My heart was breaking from the inside like an organism giving birth to itself, to the stories of itself: the lit cigarettes almost put through the soldier's wife's eyeballs so "she could always see clearly," the decapitated heads of her old parents, the fifteen-year-old girl raped by her soldier husband and his soldier friends in the car, the hand grenades he stored in their house, the pistol they put in her three-month-old baby's little hand as a game, the food they didn't serve the Muslim girl's mother, who had decided to give birth to the baby of the Serb who raped her, the Canadian uncle who attempted to molest his fourteen-year-old niece who had fled to him from Sarajevo for safety, the dirty stained clothes that arrived in the bandaged boxes of humanitarian aid that the refugee women were supposed to be grateful for, the broken toys, the generic ammonia-smelling body soap, the husband and son she last saw two years ago digging the graves of friends and relatives in their village under orders from Serbs, the waiting, her twisted waiting face, the big fang-exposed German shepherd that the Chetniks held right near the little babies' faces in her living room as he forced the Muslim doctress to suck his dirty dick while her mother was forced to prepare his dinner, the window the twelve-year-old girl jumped out of eight stories high because she couldn't comprehend how her best friends from high school, her friends from the disco, had turned so quickly against them with knives, guns, fire, and insults, the cows they burned with bombs and left starving, the family cows.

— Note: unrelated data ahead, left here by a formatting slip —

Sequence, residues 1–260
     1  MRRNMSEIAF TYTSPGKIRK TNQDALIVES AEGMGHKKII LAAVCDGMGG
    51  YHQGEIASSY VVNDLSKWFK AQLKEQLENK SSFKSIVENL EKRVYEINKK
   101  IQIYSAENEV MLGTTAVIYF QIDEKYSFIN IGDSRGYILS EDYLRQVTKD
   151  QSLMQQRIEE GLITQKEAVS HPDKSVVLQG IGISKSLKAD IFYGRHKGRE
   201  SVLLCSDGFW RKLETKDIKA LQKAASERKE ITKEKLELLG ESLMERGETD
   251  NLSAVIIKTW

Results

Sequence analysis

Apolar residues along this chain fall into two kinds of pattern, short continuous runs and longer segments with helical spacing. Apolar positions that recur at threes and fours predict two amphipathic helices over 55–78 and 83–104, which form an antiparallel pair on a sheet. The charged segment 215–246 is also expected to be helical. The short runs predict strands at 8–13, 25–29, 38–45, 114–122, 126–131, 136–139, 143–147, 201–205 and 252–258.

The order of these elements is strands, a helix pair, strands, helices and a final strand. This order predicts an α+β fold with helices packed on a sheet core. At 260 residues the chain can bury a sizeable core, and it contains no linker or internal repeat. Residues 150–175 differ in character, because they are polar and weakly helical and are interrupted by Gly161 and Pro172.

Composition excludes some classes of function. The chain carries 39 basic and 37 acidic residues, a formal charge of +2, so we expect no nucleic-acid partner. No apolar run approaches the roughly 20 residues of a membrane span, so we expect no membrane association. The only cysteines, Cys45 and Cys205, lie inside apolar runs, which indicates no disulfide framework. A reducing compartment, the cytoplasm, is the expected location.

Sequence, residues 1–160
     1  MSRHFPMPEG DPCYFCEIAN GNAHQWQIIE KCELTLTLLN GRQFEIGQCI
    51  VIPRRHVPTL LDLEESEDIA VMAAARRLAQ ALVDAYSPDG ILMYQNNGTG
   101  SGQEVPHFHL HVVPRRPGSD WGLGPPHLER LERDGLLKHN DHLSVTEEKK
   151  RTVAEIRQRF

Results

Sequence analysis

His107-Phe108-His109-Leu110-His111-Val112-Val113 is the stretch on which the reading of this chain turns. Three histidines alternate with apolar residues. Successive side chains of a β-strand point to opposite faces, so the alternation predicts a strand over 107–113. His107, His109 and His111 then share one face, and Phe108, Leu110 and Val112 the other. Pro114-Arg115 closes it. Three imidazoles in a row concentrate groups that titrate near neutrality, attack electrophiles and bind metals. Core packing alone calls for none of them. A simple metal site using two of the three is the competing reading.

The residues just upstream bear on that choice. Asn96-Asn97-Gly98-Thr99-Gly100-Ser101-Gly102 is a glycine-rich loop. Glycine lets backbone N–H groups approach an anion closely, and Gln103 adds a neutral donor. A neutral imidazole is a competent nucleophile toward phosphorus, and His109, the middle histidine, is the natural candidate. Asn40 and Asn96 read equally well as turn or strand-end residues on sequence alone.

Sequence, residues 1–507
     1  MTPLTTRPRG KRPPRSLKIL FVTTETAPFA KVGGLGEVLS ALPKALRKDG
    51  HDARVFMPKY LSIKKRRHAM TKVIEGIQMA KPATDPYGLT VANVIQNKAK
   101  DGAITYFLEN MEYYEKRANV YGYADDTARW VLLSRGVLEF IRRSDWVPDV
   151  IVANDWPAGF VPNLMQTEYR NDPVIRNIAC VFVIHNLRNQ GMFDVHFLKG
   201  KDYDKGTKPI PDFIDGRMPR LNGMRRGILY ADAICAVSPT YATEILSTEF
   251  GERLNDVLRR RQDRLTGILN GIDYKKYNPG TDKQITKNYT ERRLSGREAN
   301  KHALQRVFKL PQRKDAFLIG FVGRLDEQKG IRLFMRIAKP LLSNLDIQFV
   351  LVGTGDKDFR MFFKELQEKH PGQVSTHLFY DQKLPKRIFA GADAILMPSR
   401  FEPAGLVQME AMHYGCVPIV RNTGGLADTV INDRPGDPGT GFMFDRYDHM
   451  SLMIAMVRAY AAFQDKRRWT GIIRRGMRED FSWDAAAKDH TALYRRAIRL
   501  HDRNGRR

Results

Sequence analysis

Tears broke out of my eyes like glass cutting flesh, breaking me, breaking through my craving for definition, authority, fame, somebodyhood, breaking all that into little tiny pieces that became nothing I could identify, nothing that resembled me or the matter of me. Me was lost. There was just melting. Bandages unwrapping. Me becoming invisible.
It wasn't the cruelty that broke my heart. Cruelty is boring, generic. What hurt in my chest was witnessing the unsuspecting nature of the women, how unprepared they were, how shocked and disbelieving. What hurt was feeling love for these lost women who sat around a wobbly refugee table. The woman who clung to her one plastic bag or made sweet pastry in what was now her kitchen, bedroom, living room, bathroom, all in one. Made pastry for me, a stranger. The woman who kept smiling with missing teeth, who gave strength to the woman next to her, who smoked cigarettes and smoothed her skirt or apologized for her messy hair. What hurt was that their life was over. What hurt was that they kept going.